For Immediate Release

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New Jersey Groups Denounce Frack Waste Ban Veto

WASHINGTON - The Frack Waste Ban Bill (S1041) was passed by New Jersey’s legislature with overwhelming bipartisan support, then it landed on the desk of Governor Chris Christie for his approval. Unfortunately for residents of the state, our drinking water, and the environment the governor vetoed the bill.

The bill prohibits the discharge, disposal, processing, storage, or application to a roadway in the State of waste from the process of hydraulic fracturing, or “fracking”, for natural gas. The dumping ban bill was passed by the Legislature, at the urging of people and organizations from all walks of life and from throughout the State, in a hard-fought battle to protect the state’s drinking water supplies and communities from the radioactive elements, heavy metals, and carcinogens in frack waste.
“Governor Christie proved today that he couldn’t care less about the health and safety of New Jersey families,” said Jim Walsh, New Jersey director at Food & Water Watch, an advocacy group. “Fracking waste is highly toxic and radioactive, and it has no place in our communities. Since Governor Christie doesn’t have the guts to stand up to a polluting industry and protect our state from this hazard, our legislature must do so immediately.”
“Governor Christie has sold out our drinking water to the fossil fuel industry. Instead of protecting our waterways he is allowing companies to dump toxic fracking pollution in our waterways. We already have enough pollution in our waterways, we don’t need any more from fracking wastewater. We do not need waste haulers dumping in New Jersey. We now need the Legislature to do the right thing and override this veto to stop a potential fracking disaster,” said Jeff Tittel, Director, NJ Sierra Club.

 “The Governor has just opened the floodgates of pollution by refusing to protect us from toxic and radioactive frack waste. We know the Frack Waste Ban Bill conforms with the law because it bans all frack waste, no matter the state of origin, and we know we need the ban because waste has already been dumped here. We call on our Legislators to be the heroes we need today to override the veto and insist of clean water and healthy communities here in New Jersey,” said Tracy Carluccio, Deputy Director, Delaware Riverkeeper Network.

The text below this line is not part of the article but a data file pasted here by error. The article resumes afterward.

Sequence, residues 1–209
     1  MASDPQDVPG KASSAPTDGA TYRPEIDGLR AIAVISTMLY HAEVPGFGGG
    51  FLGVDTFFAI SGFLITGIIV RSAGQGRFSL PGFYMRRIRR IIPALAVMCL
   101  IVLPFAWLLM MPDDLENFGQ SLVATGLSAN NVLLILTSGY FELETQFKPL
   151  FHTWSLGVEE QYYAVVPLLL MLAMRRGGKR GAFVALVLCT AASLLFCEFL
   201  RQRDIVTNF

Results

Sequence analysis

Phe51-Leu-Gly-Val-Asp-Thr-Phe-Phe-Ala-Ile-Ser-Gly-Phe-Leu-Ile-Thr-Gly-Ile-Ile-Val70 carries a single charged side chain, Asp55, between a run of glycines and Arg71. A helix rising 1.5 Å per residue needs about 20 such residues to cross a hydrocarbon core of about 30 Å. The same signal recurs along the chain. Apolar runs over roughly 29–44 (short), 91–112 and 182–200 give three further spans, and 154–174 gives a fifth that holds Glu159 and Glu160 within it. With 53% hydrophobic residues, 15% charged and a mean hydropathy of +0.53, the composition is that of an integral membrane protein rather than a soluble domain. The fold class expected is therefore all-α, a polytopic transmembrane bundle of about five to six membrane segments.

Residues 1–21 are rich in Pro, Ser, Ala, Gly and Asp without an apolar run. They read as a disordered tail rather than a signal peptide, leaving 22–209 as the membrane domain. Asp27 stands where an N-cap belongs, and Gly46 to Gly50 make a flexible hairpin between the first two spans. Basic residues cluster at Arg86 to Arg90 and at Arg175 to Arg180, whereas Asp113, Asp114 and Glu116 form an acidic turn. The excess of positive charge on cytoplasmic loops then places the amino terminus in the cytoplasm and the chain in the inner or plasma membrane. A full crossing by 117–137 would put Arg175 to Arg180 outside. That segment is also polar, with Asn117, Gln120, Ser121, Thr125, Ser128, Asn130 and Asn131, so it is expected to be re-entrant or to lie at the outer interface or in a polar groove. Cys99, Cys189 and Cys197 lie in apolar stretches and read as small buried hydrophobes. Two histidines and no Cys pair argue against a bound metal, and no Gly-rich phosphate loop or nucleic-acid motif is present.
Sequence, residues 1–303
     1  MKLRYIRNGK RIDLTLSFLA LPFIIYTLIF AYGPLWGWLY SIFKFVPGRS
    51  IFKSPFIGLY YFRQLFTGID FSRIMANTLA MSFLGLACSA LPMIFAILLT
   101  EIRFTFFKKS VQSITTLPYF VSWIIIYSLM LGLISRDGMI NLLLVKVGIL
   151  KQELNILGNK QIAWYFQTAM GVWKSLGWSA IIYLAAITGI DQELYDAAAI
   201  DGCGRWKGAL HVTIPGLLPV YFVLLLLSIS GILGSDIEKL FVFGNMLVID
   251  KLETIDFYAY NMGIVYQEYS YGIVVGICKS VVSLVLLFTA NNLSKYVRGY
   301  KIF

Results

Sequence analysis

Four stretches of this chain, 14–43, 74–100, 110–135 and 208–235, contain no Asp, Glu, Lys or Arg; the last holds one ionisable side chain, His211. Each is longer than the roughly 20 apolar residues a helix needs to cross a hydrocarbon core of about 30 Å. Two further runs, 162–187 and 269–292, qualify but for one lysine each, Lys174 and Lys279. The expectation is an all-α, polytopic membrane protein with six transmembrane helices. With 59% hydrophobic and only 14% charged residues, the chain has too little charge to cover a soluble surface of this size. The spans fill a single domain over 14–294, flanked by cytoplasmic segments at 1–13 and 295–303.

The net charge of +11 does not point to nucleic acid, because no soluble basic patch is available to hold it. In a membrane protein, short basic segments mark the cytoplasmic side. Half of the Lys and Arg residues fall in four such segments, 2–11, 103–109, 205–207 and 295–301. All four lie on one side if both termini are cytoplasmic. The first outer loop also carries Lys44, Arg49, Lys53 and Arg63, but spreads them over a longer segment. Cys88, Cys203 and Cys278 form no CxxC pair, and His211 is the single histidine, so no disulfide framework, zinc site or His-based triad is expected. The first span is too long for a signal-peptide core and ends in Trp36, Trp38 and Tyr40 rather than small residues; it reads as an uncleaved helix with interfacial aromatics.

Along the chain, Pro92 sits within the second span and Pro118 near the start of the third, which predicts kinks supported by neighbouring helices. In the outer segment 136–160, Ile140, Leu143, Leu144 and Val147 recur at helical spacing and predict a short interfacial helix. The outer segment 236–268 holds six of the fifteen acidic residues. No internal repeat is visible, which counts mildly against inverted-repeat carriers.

“Governor Christie just vetoed clean water. Fortunately a majority (24) Republican legislators and virtually all the Democrats voted to ban more dumping even after they knew that position was at odds with the Governor’s. We look forward to the override with legislators showing they’re every bit the trusted leaders the Governor is not,” said Dave Pringle, Campaign Manager, Clean Water Action, New Jersey.

“We are disappointed that the Governor has chosen to put polluters before the people of this state by allowing toxic fracking waste into our water,” said Kerry Butch, Executive Director of the League of Women Voters of New Jersey. “The health of our residents is too important to jeopardize so we will continue to work with the legislature toward an override.”
“Gov. Christie’s veto doubles down on his same mistake from two years ago,” said Doug O’Malley, director of Environment New Jersey. “Fracking waste is a clear and present danger to our waterways, and the Legislature should act to overturn Gov. Christie’s ill-considered veto.”
Frack waste produced by Marcellus Shale gas drilling in Pennsylvania has already been accepted by facilities in New Jersey; one facility received waste so radioactive it violated their permits. See details on frack waste in NJ: The need for a ban has intensified in recent months as frack waste disposal options have been reduced due to the shutdown of injection wells in Ohio and controversy over the radioactivity of drilling wastes being sent to West Virginia landfills.
The law does not discriminate between in-state and out of state waste, making it legal under federal commerce laws. New Jersey’s non-partisan legislative arm, the Office of Legislative Services, agreed it conforms. See the Memo here: Frack waste could also be produced by gas drilling in the state since New Jersey contains Utica shale and other gas bearing formations in northern New Jersey. For USGS report:

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